Low-wage workers in the restaurant industry are particularly vulnerable and, since they handle food, particularly threatening. Nearly 80 percent of America’s food service workers receive no paid sick leave, and researchers have found that about half of them go to work ill because they fear losing their jobs if they don’t. As a result, a study by the Centers for Disease Control finds that ill workers are causing up to 80 percent of America’s stomach flu outbreaks, which is one reason CDC has declared our country’s lack of paid sick leave to be a major public health threat.

You’d think the industry itself would be horrified enough by this endangerment of its customers that it would take the obvious curative step of providing the leave. But au contraire, amigos, such huge and hugely profitable chains as McDonald’s, Red Lobster and Taco Bell not only fail to provide such commonsense care for their employees, but also have lobbied furiously against city and state efforts to require paid sick days.

Ironically, the top corporate executives of these chains (who are not involved in preparing or serving food to the public) are protected with full sick leave policies. For them to deny it to workers is idiotic, dangerously shortsighted — and even more sickening than stomach flu.

But what about our lawmakers? Where’s the leadership we need on this basic issue of fairness and public health? To paraphrase an old bumper sticker: “When the people lead, leaders will follow. Or not.”

Not when the “leaders” are in the pocket of corporate interests that don’t like where the people are leading. Take Gov. Scott Walker of Wisconsin, who never met a corporate pocket too grungy to climb into.

This story starts in 2008, when the people of Milwaukee took the lead on the obvious need for a program allowing employees to earn a few days of paid sick leave each year, to be used if they fall ill or must care for a sick family member. Seven out of 10 Milwaukee voters approved that measure in a citywide referendum.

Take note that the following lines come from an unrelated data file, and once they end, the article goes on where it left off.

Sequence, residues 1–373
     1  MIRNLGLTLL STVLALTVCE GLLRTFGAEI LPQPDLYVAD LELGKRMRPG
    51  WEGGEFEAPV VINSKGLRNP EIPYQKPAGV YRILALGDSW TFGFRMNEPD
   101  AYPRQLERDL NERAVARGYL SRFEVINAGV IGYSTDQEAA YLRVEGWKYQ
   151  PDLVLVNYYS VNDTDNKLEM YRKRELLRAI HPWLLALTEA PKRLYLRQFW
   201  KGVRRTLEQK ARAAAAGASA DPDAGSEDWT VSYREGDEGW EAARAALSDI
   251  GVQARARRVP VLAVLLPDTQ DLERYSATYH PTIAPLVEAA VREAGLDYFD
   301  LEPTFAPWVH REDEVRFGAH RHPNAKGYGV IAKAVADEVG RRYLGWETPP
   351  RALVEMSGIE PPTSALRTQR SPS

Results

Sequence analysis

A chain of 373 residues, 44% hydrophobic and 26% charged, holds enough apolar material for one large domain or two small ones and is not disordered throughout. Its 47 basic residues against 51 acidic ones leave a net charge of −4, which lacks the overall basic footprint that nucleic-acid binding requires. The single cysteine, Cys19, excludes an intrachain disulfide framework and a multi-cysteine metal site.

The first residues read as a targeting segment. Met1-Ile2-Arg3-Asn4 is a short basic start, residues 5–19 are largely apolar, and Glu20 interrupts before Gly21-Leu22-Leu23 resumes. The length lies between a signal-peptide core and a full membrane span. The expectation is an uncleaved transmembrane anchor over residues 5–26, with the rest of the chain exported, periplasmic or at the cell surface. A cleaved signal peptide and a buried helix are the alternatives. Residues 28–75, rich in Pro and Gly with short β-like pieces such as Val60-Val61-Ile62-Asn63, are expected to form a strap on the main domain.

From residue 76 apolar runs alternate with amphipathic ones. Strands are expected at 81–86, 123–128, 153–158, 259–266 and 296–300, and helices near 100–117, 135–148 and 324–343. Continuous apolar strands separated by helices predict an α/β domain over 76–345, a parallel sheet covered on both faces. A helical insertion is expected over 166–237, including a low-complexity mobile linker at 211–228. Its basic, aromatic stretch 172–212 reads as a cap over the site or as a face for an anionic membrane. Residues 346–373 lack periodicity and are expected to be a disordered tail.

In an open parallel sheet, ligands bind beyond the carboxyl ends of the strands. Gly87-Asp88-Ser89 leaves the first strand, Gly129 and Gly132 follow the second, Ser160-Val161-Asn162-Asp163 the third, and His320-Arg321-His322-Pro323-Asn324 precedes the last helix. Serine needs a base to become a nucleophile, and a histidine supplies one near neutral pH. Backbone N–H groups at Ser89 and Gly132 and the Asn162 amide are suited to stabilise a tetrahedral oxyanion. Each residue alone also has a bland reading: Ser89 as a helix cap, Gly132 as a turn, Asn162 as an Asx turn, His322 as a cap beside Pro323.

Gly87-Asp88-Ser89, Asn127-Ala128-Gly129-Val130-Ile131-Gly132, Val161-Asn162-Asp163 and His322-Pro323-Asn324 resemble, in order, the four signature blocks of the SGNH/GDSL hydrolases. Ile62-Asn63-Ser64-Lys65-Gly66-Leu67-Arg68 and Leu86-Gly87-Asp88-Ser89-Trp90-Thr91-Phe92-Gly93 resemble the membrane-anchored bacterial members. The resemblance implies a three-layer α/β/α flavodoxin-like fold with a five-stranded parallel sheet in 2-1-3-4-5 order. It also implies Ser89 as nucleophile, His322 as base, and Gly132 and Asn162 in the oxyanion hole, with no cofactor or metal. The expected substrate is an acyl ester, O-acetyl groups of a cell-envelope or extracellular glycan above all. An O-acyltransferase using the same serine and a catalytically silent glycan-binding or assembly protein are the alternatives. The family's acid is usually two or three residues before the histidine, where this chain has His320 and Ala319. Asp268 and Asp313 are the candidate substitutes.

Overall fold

Corporate interests, however, sued to stall the people’s will, tying the sick leave provision up in court until 2011. By then, the corporations had put up big bucks to put Walker into the governorship — and right into their pocket. Sure enough, he dutifully nullified the Milwaukee vote by passing a “state pre-emption” law, autocratically banning local governments from requiring sick leave benefits for employees.

Just three months later, Walker’s pre-emption ploy was the star at a meeting of ALEC, the corporate front group that brings state legislators into secret sessions with CEOs and lobbyists. There, legislators are handed model laws to benefit corporations — then sent home to pass them. At a session overseen by Taco Bell, attendees got copies of Walker’s no-paid-sick-leave edict, along with a how-to-pass-it lecture by the National Restaurant Association. “Go forth, and pre-empt local democracy!” was the message.

And, lo, they did. Bills summarily prohibiting local governments from passing paid-sick-leave ordinances are being considered in at least 12 states this year, and Arizona, Florida, Indiana, Louisiana, Kansas, Mississippi and Tennessee have already passed theirs.

Florida’s process was especially ugly. Organize now, a coalition of voters in Orlando, had obtained 50,000 signatures to put a sick leave referendum on last November’s ballot. But, pressured by the hugely profitable Disney World empire, county commissioners arbitrarily removed it from the ballot.

The scrappy coalition, however, took ’em to court — and won, getting the referendum rescheduled for a 2014 vote. Disney & Gang scuttled off to Tallahassee this year to conspire with Gov. Rick Snyder and GOP legislative leaders. Quicker than a bullet leaves a gun, those corporate-hugging politicos obligingly delivered a “kill shot” to Orlando voters by enacting a Walkeresque state usurpation of local authority.

By spreading Walker’s autocratic nastiness from state to state, money-grubbing low-wage profiteers are literally spreading illness all across our land.